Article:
For a conglomerate with annual revenue in excess of US$100 billion, and with 541 subsidiaries, branches and reinvested companies globally, Hon Hai is known to some only by the name of its CEO. Terry Gou, is synonymous with Hon Hai, just as Steve Jobs was with Apple.

Gou once talked about his challenge of managing such an enormous company. “I cannot find a book anywhere in the world to teach me how to manage a business with one million employees,” he said. There has been no apparent change in Gou’s unwavering management ability and perseverance. And his ambition with regard to the businesses he wants to manage shows little sign of slowing down. This is exactly why some people are concerned about the future of Hon Hai.

Perhaps the biggest issue for Hon Hai in the future will be who will succeed Gou. At present it seems hard to know who will step into his shoes, according to Global Views.

The magazine stressed that part of the future roadmap for Hon Hai, as set out by Gou, must include a succession plan. Just as the US 7th Fleet could not replace all its smaller ships with a single aircraft carrier, so Hon Hai must be managed and operate as smaller leaner units to allow for future challenges and retain the capacity for flexible strategic maneuvering.

Reaching out to quake-hit Japan, Taiwan reevaluates nuclear safety

On March 11 and in the days that followed, people around the world were horrified by the images of Japan’s devasting 9.0 earthquake and tsunami that washed entire villages from the map. With so many commonalities between Taiwan and Japan, the people of Taiwan were deeply moved to help their friend and neighbor.

Taiwan is also highly prone to earthquakes, with more than 1,000 felt every year. An especially powerful one hit the island on September 21, 1999, killing more than 2,000 people, so the people of Taiwan are especially sympathic to Japan’s plight.

Since the March 11 earthquake in Japan, Taiwan’s Foreign Ministry has sent 400 tons of disaster relief supplies (blankets, quilts and mineral water) and food donated by Taiwanese citizens to Japan. It is the largest donation received from a foreign country thus far, according to Taiwan’s Central News Agency. Quickly following the earthquake, Taiwan’s Foreign Ministry announced a donation of NT$100 million (US$3.3 million) in disaster relief to Japan. Taiwan’s entertainment circle also mobilized to hold a fundraising party on March 18 to raise NT$750 million (US$25 million). Japan’s Mainichi Daily News reported that donations from Taiwan have reached 6.4 billion Japanese Yen (US$8 million), by far the largest in Asia.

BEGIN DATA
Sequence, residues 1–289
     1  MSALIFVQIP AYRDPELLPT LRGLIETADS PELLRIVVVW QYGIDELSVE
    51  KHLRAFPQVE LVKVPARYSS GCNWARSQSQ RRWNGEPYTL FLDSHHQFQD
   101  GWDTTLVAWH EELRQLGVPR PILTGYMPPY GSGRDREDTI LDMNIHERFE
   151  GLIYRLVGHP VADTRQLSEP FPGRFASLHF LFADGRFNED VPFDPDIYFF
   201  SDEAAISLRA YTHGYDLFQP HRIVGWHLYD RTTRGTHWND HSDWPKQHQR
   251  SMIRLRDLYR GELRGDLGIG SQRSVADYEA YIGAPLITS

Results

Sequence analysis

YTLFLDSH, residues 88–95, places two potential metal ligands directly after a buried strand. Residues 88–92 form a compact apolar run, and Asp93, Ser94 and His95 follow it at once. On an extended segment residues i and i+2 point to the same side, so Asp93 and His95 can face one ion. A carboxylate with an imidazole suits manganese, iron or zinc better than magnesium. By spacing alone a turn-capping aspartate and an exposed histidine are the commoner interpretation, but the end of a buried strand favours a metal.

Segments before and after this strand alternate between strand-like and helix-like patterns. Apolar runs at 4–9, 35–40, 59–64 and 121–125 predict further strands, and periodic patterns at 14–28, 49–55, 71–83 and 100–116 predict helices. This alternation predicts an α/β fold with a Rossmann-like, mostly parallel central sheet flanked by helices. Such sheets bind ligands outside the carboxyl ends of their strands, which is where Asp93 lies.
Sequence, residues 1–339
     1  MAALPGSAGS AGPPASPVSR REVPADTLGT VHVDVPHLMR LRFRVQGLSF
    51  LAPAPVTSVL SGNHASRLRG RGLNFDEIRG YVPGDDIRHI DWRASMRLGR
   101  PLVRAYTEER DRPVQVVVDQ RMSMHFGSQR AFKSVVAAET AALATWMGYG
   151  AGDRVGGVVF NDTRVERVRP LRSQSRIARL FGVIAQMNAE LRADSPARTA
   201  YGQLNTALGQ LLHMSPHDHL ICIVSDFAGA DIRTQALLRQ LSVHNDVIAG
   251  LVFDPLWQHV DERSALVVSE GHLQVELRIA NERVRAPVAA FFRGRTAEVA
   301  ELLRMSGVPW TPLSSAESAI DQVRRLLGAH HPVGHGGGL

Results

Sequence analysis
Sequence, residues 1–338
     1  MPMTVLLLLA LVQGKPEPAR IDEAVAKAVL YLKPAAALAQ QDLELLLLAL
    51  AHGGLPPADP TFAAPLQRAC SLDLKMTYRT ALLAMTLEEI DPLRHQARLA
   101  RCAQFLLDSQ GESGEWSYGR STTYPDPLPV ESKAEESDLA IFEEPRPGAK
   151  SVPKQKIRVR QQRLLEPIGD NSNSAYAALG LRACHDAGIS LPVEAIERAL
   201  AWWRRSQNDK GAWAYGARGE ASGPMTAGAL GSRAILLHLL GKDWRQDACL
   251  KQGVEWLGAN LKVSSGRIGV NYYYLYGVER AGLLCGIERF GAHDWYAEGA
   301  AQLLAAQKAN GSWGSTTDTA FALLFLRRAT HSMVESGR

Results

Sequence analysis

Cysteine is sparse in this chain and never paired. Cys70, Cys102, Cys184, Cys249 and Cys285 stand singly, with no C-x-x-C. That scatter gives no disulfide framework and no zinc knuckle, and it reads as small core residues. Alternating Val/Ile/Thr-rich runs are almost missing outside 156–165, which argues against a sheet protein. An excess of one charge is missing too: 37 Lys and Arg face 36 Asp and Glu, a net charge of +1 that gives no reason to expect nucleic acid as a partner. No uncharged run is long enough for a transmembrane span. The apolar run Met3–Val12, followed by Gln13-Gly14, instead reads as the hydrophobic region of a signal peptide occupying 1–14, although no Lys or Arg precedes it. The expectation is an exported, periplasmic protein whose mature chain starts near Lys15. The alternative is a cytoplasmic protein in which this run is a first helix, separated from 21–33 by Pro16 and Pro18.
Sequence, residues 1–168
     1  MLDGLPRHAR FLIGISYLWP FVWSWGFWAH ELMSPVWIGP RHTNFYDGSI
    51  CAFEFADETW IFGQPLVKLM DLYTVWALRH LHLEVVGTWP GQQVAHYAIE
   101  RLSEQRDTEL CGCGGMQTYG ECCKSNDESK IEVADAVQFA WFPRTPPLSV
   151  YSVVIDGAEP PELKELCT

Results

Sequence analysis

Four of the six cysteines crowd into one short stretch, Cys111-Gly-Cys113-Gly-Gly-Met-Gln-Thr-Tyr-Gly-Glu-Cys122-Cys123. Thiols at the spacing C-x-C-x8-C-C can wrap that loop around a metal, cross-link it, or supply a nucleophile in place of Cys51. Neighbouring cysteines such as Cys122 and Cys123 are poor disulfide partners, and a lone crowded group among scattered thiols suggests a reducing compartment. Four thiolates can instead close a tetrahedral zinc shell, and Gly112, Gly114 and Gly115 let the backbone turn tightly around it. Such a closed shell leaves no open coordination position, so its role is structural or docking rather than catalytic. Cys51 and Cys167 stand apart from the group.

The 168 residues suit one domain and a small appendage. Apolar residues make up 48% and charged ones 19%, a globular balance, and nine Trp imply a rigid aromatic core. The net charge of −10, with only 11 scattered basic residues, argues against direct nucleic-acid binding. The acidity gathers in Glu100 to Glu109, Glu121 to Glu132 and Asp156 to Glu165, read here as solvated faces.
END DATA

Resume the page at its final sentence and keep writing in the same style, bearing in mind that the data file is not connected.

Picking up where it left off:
From Japanmania to empathy

In many regards, Taiwanese teens today are enamored by Japanese popular culture (including TV, movie stars, songs, costumes and comics). It is a phenomenon commonly known as “Japanmania” (harih). Journalist Chao Hsin-ping wrote in her blog, “Taiwanese and Japanese people share many customs and some Chinese characters in common. I think that is why we feel particularly close…I have been to over thirty countries, visiting more magnificent natural beauty, more ancient sites and historical monuments, and more precious cultural arts in Europe and America, but in recent years, I have felt closer to Japan.”

Also, in contrast to Taiwan’s sensationalization of news, the Japanese people and press have earned a wealth of respect for their calm and self-restraint in the face of disaster wrote an editor for the United Daily News. The Taiwan-based China Times commented, “The Japanese people have developed the notion that they are not the only victims, facing the disaster with a peaceful mind. Everyone thinks this, so and the social order can be maintained. Everyone exercises self restraint so disaster relief can proceed step by step.”